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Cool Dragon Logo

Then we walked across Burnside, past Voodoo Donuts, and to the Portland Chinatown Museum. As I said, it is brand new. There are still pictures resting on the floor, waiting to be hung, and the model that shows how the museum is laid out is still sitting on a back table. But there are wonderful displays of Chinese stores and restaurants, and essays and photographs that show when Chinese folks came to America, what jobs they did, and where they lived.

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Mr. James Wong

I met James Wong, a retired teacherĀ  who is on the Board of museum. He told me that he was born and raised two blocks from this museum in the 1950s. He explained that there were really TWO “Old Chinatowns” in Portland. The one from the time of my story, 1903, was south of Burnside, along 2nd and 3rd Streets. The later one, from about 1905 onward, is north of Burnside. That would explain why Dr. Wo’s office is so far south, on Alder.

We read, looked and walked all over the museum, bought a book called Sweet Cakes, Long Journey by Dr. Marie Rose Wong, and went off to see what else we could see.

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Model of the Chinatown Museum

I’ll tell you more about that tomorrow!

Love, Grandma Judy

Dr. C. Gee Wo

Dear Liza,

I love researching history! Since my story takes place in 1903 Portland, I am getting to know about people who lived here then, and how things were for them. One thing that was really different was that there were laws against some people living here. These were called Exclusion Laws.

But life usually finds a way, as in the case of Dr. C. Gee Wo, a real Chinese person I have learned about and put into my story. Dr. Wo was from China and was an herbal doctor, using teas and herbal medicines to help make people better. He studied for many years, in China and America, to be good at his profession. He moved to Omaha, Nebraska, where he had a popular practice for eleven years, from 1889 to 1900.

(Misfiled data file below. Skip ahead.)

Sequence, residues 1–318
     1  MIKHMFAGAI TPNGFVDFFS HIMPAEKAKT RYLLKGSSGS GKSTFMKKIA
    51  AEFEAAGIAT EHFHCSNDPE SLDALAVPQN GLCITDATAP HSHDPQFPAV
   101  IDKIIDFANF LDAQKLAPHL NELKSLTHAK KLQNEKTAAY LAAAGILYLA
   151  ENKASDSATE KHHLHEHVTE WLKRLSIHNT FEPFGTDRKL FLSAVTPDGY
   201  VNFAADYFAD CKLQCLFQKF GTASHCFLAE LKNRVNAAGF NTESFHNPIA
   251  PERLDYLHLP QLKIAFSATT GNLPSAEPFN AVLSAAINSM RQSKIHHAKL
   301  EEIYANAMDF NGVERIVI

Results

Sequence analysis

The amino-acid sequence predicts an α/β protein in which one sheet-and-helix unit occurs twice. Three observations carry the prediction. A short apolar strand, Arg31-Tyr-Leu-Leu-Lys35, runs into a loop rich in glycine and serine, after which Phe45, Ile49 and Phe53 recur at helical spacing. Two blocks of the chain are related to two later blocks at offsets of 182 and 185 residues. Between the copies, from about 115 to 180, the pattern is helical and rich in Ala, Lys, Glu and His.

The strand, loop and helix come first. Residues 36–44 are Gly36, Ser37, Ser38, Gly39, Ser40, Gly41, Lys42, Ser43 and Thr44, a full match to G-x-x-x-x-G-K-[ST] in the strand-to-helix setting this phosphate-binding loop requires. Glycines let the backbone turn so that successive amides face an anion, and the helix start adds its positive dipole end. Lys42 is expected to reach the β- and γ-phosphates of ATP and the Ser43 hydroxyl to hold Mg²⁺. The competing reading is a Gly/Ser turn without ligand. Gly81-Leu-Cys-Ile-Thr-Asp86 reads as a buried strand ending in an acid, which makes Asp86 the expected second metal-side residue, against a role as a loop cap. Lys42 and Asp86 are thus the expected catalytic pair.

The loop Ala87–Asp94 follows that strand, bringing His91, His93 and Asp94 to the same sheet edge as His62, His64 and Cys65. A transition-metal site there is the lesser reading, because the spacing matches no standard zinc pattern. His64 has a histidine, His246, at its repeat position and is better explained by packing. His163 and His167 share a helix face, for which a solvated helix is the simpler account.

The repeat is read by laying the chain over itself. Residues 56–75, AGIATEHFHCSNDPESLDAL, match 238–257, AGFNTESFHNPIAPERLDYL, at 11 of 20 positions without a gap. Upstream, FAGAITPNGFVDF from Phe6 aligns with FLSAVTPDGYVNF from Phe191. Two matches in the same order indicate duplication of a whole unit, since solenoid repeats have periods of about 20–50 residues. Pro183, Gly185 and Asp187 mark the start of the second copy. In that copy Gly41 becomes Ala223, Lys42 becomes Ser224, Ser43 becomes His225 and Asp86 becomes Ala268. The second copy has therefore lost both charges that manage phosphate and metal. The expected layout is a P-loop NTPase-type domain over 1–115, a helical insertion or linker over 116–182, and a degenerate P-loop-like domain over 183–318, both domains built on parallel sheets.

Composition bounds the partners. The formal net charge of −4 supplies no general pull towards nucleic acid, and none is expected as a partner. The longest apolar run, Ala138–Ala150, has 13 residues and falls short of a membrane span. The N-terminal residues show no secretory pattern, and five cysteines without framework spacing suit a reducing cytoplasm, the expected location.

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Dr. Wo’s ad in Portland newspapers, 1900 to 1910

During that time, he married a white lady name C. DeWitt (I can’t find her first name anywhere, just her first initial. Maybe Caroline? Celestine? Charlotte?) In 1900, they moved to Portland, Oregon, and Dr. Wo opened his herbal medicine practice.

At that time, the Exclusion Laws said Chinese people couldn’t own property, so Chinese needed to rent apartments, mostly in the neighborhood on the west side of the river. But Dr. Wo’s wife was white, so she could buy property where they wanted. They bought a small house, and, when business was better, built a bigger house next door.

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His ad from 1910 to 1920

As the years went on, Dr. Wo became a respected member of not just the Chinese community, but of the city of Portland. He donated to victims of the San Francisco Earthquake in 1906. He contributed to local causes and invested in businesses. He helped the city grow.

Dr. Wo retired about 1915, but stayed active in the community at least until 1921, when he made a large contribution to the local Community Chest fund. I haven’t found any information about him after that time, but I will keep looking. Being a history detective is exciting!

Love,

Grandma Judy